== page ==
Florida Sandhill Cranes are long-legged, long-necked, gray, heron-like birds with a patch of bald, red skin on top of their heads.
Cranes feeding on my neighbor's lawn.
Even though we see them year round in central Florida the Sandhill Crane population is noticeably increased of late. It is true some Sandhill Cranes live here all year long but there are also those that migrate here during the winter.
It's fascinating to watch them stroll about foraging both on land and in shallow wetlands. I caught sight of this pair (only one is shown in the photo) when at my mailbox. They are poking their heads into the ground of my neighbor's yard looking for food. Some of their favorite meal items include seeds, plant tubers, grains, berries, insects, earthworms, mice, snakes, lizards, frogs and crayfish. Unlike other wading birds, such as herons, Sandhill Cranes do not "fish."
They typically skulk about in pairs. Pairs mate for several years and even sometimes for life. A couple of years ago we had an almost daily visiting pair to our neighborhood and then one day there were four. Only the additional two were much shorter and had fuzzy little bodies. They were adorable. Now I wish I had been into photographing everything that moves back then... oh well. Young Sandhills stay with their parents until they are about 10 months old.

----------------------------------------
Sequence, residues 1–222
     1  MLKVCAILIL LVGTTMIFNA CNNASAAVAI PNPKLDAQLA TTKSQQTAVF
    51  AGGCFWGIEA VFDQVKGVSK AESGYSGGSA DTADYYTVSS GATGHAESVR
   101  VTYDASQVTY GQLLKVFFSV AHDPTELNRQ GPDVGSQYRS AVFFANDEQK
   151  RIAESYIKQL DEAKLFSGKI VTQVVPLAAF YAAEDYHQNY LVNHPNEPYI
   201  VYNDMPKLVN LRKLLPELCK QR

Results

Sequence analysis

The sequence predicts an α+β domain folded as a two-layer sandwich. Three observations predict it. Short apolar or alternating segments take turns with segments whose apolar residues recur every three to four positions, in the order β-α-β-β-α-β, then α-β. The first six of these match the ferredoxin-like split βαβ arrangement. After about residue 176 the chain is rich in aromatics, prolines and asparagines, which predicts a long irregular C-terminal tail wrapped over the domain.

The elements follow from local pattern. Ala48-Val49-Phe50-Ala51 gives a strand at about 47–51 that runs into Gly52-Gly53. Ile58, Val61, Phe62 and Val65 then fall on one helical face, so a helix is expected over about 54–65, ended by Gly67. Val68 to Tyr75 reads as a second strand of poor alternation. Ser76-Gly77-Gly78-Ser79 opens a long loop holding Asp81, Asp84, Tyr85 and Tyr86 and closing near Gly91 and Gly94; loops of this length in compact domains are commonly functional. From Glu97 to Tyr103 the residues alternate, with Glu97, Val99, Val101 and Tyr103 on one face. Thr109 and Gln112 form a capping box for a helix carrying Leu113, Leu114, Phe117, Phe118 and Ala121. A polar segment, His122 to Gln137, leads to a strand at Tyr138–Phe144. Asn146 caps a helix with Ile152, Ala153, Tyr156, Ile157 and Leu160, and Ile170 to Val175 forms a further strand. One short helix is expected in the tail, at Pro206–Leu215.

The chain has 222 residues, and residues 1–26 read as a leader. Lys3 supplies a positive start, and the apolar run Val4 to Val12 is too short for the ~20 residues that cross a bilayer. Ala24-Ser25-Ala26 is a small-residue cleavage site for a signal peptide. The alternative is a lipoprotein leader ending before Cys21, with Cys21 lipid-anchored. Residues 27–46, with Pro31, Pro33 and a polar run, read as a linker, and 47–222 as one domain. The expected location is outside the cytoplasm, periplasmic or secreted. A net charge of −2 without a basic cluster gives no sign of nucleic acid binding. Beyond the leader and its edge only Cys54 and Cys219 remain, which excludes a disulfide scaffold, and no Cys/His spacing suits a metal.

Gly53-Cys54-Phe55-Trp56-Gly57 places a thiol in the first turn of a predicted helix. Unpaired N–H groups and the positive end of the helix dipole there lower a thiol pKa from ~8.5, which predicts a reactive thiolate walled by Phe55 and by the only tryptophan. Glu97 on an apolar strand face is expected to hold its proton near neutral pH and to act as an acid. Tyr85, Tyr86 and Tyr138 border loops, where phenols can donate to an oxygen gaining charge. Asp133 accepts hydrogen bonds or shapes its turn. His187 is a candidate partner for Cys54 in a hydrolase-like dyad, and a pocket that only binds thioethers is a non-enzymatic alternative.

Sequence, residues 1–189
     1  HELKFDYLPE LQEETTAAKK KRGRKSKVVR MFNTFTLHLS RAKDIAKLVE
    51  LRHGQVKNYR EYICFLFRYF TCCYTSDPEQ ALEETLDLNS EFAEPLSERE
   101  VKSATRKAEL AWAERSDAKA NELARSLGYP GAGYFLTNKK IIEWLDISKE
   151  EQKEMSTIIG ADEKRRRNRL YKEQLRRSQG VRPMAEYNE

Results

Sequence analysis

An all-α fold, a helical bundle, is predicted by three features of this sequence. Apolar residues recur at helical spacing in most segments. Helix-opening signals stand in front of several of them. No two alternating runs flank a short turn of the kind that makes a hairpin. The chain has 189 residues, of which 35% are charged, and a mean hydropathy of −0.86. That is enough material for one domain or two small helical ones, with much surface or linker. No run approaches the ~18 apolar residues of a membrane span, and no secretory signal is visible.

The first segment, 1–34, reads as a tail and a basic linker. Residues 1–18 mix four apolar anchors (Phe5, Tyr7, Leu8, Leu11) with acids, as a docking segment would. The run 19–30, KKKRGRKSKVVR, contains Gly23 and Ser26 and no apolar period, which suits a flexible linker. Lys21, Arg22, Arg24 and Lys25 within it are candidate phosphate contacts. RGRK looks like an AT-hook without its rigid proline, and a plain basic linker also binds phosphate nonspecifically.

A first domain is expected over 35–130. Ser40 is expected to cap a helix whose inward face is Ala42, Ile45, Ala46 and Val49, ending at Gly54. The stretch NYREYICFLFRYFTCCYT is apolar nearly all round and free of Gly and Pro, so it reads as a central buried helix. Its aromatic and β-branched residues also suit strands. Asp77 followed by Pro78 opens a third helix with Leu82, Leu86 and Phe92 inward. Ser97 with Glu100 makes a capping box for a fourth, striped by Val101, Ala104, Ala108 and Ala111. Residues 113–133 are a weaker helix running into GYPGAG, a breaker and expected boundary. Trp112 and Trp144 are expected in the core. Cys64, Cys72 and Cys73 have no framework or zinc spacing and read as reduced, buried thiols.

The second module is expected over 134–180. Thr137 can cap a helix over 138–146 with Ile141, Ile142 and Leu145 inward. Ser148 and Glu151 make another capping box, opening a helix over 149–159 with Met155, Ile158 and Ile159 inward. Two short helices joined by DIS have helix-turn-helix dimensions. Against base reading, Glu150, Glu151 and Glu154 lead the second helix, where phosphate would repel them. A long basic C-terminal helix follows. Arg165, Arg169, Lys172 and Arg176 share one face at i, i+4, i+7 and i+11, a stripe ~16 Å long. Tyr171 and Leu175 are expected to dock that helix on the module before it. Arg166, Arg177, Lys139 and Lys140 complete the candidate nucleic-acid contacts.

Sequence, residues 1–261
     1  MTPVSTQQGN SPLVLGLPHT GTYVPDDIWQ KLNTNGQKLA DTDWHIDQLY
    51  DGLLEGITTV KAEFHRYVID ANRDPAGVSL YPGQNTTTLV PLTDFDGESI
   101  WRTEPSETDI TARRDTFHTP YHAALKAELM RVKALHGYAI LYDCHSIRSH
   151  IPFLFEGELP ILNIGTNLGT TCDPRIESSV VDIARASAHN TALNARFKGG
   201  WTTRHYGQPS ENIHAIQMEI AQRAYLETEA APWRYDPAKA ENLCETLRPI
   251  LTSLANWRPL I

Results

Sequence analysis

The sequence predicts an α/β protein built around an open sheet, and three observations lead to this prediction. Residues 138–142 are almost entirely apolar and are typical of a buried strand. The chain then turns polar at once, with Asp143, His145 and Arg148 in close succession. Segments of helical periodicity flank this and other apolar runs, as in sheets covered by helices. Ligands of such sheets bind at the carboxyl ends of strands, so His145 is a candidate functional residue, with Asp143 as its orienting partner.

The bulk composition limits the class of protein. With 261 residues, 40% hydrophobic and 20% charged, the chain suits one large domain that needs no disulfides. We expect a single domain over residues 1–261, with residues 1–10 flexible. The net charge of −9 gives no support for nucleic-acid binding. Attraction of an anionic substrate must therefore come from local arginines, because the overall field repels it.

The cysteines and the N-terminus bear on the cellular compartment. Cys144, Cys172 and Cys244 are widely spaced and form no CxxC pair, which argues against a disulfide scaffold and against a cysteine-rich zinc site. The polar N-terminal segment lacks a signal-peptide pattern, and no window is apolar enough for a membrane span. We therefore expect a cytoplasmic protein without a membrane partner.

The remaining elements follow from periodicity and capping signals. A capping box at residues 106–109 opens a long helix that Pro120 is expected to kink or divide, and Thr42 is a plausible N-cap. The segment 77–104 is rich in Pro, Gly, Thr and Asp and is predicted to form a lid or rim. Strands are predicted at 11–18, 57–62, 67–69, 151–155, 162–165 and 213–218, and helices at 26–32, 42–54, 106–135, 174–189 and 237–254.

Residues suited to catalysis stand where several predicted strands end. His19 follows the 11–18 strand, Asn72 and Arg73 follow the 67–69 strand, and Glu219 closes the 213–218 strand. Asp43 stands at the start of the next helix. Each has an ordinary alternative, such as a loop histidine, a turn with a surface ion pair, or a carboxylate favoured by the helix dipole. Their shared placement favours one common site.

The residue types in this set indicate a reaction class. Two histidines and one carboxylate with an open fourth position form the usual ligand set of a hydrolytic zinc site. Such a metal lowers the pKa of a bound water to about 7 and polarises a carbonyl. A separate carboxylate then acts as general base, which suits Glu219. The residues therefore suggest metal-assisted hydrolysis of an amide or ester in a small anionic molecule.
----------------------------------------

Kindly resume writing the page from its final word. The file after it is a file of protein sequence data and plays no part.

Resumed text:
I thrill at seeing the cranes fly overhead with necks outstretched in a most powerful, rhythmical form. And the voice of the sandhill crane is one of the most distinctive bird sounds in Florida. I can't help myself but to stop and watch whenever I hear them coming.
On my way to an appointment not too far from my house a couple of weeks ago I took this photo next to a suburban pond. This morning passing by the same pond there were 6 Sandhills then there were 4 more around the bend. Of course I didn't have my camera (shame on me) but this guy and its mate were probably among the group.
Sandhill Cranes are primarily birds of open freshwater wetlands, shallow marshes, wet meadows, and adjacent uplands. They utilize a broad range of habitat types, from bogs, sedge meadows, and fens to open grasslands, stubble fields, and savannahs. I guess that explains why I have been seeing them everywhere I go these days.
Does anyone else like them as much as I do? Or is it just me?